As to “why is Obama appointing the person in charge of paying out the claims?” I don’t even have enough necessary background to ask who else would make that decision. I haven’t read the White House’s announcement from Wednesday but from the WSJ article I’m inferring that the choice of Kenneth Feinberg was probably part of the agreement. If Feinberg really is an impartial and honorable administrator (and I have no idea whether he is or isn’t at this time) surely it is obviously better that control of the escrow fund be in his hands than in the hands of either a BP stakeholder who’d have an interest in holding onto as much of that money as possible or a career politician of some stripe who’d have an interest in staying in office.
    Side note: I’m not a fan of politics (if you can’t tell by that last bit), I think the whole system has become rather rotten over the past couple of centuries. A career politician in control of that $20B could do an awful lot of favors. Just sayin’. . .
    Rep. Barton and all the other talking heads can say whatever they want. I don’t really care because I really don’t think it matters what any of them say. Only what eventually gets done.

  40. Democrats probably still have a nice thick board to use between now and the elections, which Barton didn’t just hand to them but personally engraved and then dropped trou and bent over to receive his beating.

    –>Alas, I am feeling all pessimistic this afternoon and assume that the Democrats will do exactly as they have done the last six times they were handed a golden brickbat with which to beat on the Republicans; to wit, they will wave it around until they hit themselves in the head with it. Obama is more savvy that that, but he’s not running the campaigns of his fellow Democrats.

    I am also feeling pessimistic enough that I really, really, really want to go buy some cheap-ass BP stock, because I’ll bet on Evil Corporate Empires winning every time.

  41. Why would the South continue to vote for Republicans? Because, you know, the Democrats are going to take their guns and force them to get gay married.

    As for the oil leak, I’m still waiting for the invisible hand of the marketplace to tidy things up. Should happen any day now.

  42. –E:

    “I am feeling all pessimistic this afternoon and assume that the Democrats will do exactly as they have done the last six times they were handed a golden brickbat with which to beat on the Republicans; to wit, they will wave it around until they hit themselves in the head with it.”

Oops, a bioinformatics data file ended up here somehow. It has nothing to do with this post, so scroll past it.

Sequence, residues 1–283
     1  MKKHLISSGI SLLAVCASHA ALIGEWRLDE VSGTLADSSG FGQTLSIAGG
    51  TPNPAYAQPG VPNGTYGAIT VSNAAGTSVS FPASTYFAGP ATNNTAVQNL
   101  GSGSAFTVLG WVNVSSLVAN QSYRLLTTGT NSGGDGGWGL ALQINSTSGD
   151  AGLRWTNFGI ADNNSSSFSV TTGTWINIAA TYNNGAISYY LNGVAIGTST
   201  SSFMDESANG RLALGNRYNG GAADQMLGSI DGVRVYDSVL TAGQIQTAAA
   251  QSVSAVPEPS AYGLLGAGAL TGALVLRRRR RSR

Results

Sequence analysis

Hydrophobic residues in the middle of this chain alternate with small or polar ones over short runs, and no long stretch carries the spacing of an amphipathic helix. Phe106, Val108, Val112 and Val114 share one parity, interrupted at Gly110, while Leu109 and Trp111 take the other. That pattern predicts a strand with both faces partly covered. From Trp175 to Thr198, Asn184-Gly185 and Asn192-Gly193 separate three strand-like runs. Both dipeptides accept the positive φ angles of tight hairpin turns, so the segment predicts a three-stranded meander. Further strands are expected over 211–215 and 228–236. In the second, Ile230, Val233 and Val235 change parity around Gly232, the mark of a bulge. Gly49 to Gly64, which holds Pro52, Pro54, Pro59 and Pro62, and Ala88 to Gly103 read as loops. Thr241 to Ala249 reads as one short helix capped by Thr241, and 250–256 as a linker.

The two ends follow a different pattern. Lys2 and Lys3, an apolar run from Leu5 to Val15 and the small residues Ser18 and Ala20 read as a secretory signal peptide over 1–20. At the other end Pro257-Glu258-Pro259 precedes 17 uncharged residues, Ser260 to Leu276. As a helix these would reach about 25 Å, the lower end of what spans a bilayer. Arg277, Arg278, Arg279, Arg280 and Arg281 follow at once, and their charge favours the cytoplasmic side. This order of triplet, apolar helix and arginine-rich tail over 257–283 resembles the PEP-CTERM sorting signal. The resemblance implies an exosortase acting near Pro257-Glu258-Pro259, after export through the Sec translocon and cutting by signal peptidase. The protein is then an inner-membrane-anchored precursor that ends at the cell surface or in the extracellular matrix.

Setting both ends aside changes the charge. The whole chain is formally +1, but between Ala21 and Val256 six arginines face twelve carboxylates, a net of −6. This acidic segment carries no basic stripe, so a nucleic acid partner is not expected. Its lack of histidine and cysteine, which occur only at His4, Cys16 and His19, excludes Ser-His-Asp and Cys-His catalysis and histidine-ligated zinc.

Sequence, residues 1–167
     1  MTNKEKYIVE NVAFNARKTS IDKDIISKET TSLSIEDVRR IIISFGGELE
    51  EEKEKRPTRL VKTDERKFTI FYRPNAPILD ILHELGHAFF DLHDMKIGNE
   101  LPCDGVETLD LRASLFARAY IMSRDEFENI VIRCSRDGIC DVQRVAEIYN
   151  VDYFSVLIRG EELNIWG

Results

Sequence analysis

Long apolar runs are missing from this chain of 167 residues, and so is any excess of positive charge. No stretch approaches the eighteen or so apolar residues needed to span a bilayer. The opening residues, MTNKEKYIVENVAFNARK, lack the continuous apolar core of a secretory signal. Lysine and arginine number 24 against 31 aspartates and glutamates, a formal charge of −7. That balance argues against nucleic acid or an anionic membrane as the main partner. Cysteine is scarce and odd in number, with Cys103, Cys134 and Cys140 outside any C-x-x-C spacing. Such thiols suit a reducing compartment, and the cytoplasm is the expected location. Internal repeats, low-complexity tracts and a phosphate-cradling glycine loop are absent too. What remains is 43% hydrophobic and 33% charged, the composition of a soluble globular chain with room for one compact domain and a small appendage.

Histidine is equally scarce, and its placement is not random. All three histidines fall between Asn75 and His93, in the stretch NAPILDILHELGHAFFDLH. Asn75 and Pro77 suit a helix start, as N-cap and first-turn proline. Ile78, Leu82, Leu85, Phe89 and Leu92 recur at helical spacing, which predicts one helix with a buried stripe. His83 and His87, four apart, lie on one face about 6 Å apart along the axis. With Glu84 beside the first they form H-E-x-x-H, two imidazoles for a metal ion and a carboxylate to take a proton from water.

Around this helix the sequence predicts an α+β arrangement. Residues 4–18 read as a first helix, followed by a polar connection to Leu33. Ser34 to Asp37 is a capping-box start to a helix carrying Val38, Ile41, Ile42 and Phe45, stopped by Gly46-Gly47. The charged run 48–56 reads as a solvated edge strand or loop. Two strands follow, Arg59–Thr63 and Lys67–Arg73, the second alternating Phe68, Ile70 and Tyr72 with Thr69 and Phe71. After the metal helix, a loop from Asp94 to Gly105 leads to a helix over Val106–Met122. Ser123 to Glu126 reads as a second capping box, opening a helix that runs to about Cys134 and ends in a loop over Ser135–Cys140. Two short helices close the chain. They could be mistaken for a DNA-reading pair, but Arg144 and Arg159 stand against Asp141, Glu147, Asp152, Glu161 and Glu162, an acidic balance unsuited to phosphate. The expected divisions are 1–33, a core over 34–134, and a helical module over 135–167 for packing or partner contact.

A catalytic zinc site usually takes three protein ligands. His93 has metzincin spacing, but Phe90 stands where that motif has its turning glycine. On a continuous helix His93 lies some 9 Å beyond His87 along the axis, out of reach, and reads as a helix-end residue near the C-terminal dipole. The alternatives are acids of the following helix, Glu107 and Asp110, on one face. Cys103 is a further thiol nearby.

As I’ve noted before, I have always been impressed with the Democrat’s ability to snatch defeat from the jaws of victory. This is part and parcel of their slow-motion implosion ability, in my mind.

  43. And I see that the dogpile ramped up to full swing while I was composing my post (among other things). Ouch. Honestly, was just confused!

  44. Preston –

    “I don’t really care because I really don’t think it matters what any of them say. Only what eventually gets done.”

    I definitely understand that sentiment. But, how we talk about our politics and the rhetoric we use to describe potential outcomes affects where we place our goalposts for what constitutes a favorable or unfavorable outcome.

    Besides it isn’t just talking heads. Mainline elected officials are just as involved in much of this nonsense. Neverminding that even talking heads are actually driving the politics of the republican party at this point.

    Which is why inthink Bartons BP apology will make people who have decided to vote for the democrats angry and people who’ve decided to vote tea party republican agree more heartily on the evils of government. I think there is some flexibility to that in coastal areas, but by and large I think the lines are pretty well drawn and entrenched at this point.